This is a simple house rule designed to address my issues with evocation in the DFRPG mentioned last week. The specifics are largely derived from the aquarium scene in Small Favor (and may include very minor spoilers).

Reserving Power

A character with Evocation may choose to draw power without immediately using it. Drawing power is an automatic, supplemental action performed once per exchange (often immediately before casting). The character can draw shifts of power up to Conviction for 1 mental stress. Each shift of power drawn beyond Conviction increases this stress by +1 (Conviction 3 drawing 5 power would take a 3 stress hit).

This power can be used immediately or reserved. A caster can continue to draw power on subsequent exchanges, even if already reserving power. Multiple exchanges of reserved power are treated as a single pool (i.e., they are not tracked individually per exchange). Any unused reserved power is lost (harmlessly) at the end of the scene.

If the power is used immediately, the evocation roll proceeds normally.

If some of the power is reserved, the amount used for any particular evocation roll is treated as the difficulty of the roll for fallout/backlash purposes (e.g., if a wizard draws 5 power but only uses 3, saving 2, the difficulty for the Discipline roll is 3, and all elements of the spell will proceed as if the wizard had only used 3 power; the wizard will then have 2 left over for another spell on the next exchange).

Reserving power stores magical energy inside the caster’s body in a way that is uncomfortable at best, and requires concentration to maintain.

A character that has at least 1 shift of power reserved by the end of his or her turn gains the temporary aspect “Reserving Power.” This aspect can be assessed as a supplemental action by any other caster by succeeding at a roll of Lore vs. the target’s Discipline (the GM may provide a bonus to this roll if the caster is reserving a lot of power, at his or her discretion). The aspect can be tagged for any roll that would benefit from the caster having split concentration, or for an attack on the reserved power (see below).

Another character that believes the caster is reserving power (either through the assessment or just guessing), can attempt an attack to upset his or her concentration. The skill used for the attack is anything that would make sense distracting the caster enough to lose focus, and it is resisted by the caster’s Discipline (i.e., it’s similar to a maneuver, but it does damage). If the attack succeeds, the shifts convert reserved power instantly to Backlash on a one-for-one basis (up to the number of shifts of power reserved). For example, a wizard reserving 3 shifts of power is distracted with 2 shifts, immediately taking a 2 shift backlash hit and leaving only 1 shift of power remaining. If the distraction had gotten 4 shifts, the wizard would have taken a maximum of a 3 stress backlash hit (and had no power remaining).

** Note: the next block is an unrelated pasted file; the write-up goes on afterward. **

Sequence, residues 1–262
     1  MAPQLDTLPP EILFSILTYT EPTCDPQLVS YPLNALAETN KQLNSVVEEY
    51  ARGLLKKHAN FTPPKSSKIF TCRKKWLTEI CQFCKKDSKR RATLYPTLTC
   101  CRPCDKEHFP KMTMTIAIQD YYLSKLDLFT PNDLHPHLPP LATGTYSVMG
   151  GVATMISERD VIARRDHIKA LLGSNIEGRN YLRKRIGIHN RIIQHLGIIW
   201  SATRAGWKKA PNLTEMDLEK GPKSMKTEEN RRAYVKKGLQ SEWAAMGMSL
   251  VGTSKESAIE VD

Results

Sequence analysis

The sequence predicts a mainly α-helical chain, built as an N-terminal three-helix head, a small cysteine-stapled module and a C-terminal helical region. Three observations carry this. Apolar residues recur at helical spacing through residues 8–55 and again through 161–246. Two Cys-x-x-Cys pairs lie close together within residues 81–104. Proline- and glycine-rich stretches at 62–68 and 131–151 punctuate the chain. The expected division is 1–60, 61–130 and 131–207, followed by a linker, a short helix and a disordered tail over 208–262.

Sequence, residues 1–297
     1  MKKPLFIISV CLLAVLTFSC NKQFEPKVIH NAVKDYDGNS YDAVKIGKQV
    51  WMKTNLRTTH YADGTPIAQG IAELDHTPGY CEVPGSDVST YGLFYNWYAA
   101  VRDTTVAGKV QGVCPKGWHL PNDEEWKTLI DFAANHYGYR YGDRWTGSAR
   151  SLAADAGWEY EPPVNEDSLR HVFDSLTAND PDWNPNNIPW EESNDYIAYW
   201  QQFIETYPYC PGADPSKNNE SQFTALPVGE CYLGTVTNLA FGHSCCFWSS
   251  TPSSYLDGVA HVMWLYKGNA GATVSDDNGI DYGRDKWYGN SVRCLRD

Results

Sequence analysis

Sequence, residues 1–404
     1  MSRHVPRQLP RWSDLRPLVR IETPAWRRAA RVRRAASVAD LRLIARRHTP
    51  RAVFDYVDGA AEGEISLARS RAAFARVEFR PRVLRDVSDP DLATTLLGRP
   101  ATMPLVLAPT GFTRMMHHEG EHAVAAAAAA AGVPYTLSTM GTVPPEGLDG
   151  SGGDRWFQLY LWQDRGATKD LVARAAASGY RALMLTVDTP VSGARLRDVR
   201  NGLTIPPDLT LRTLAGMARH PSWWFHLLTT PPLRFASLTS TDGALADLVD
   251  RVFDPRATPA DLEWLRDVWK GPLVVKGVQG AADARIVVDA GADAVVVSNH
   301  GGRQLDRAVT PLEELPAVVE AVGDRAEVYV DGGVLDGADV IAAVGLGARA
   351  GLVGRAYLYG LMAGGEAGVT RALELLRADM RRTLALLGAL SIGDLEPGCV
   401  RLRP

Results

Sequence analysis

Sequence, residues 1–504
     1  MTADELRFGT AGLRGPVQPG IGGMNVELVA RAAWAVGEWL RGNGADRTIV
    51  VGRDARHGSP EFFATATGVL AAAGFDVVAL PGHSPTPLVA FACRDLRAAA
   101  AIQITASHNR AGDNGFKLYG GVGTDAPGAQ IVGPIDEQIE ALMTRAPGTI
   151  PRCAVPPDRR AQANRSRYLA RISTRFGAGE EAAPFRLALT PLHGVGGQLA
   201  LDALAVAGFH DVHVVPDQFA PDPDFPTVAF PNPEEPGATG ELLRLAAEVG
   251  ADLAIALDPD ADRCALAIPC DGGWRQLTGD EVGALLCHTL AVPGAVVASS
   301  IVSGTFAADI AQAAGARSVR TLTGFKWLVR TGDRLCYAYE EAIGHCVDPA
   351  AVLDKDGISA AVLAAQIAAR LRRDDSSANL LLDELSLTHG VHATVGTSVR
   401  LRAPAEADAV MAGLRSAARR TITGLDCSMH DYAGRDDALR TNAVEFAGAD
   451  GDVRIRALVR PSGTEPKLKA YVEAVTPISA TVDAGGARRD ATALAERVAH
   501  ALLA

Ambient Magic

Most casting uses the natural background magic of the world: the caster draws it in, shapes it, then sends it back out as a spell. Stress from evocation represents the exhaustion this exercise causes.

Some places may have higher than normal background magic (represented by an appropriate aspect) where drawing in power is less tiring because it is easier to gather. A caster may tag this aspect to treat Conviction as +2 when drawing power in that area. For example, in Storm Front, after Harry had assessed the “Power in the Storm” aspect on the story, he could tag that aspect to draw up to 7 power (Conviction 5 +2) for only 1 mental stress whenever he had access to the storm’s energy.

Other places may have reduced background magic (also represented by an appropriate aspect). This aspect may be compelled during a power draw to reduce the power gained by half (round down); stress is still dealt at the amount intended for the draw. For example, Harry is trying to stop a massive ritual for which the villain has been channeling massive amounts of power for quite some time. He attempts to draw 6 shifts of power and the GM compels the “Massive Ritual” aspect; if Harry’s player accepts, he’ll only gain 3 shifts of power and still take 2 mental stress (but will get a shiny fate point).

Rare places (like being trapped in another wizard’s circle) may cut the caster off from background magic entirely. In these cases, the caster is limited to power currently reserved before being trapped, or his or her own life energy. When drawing on personal life energy the entire power draw is treated as a single physical attack (which can be reduced with consequences normally), and the normal stress cost (1 + excess beyond Conviction) is treated as a second, mental attack. For example, if Harry (Conviction 5) tried to draw 7 points of power when in a magical dead zone, he would take 7 physical stress and 3 mental stress. GMs are encouraged to reward casters very heavily with Fate points for trapping them in a magical dead zone.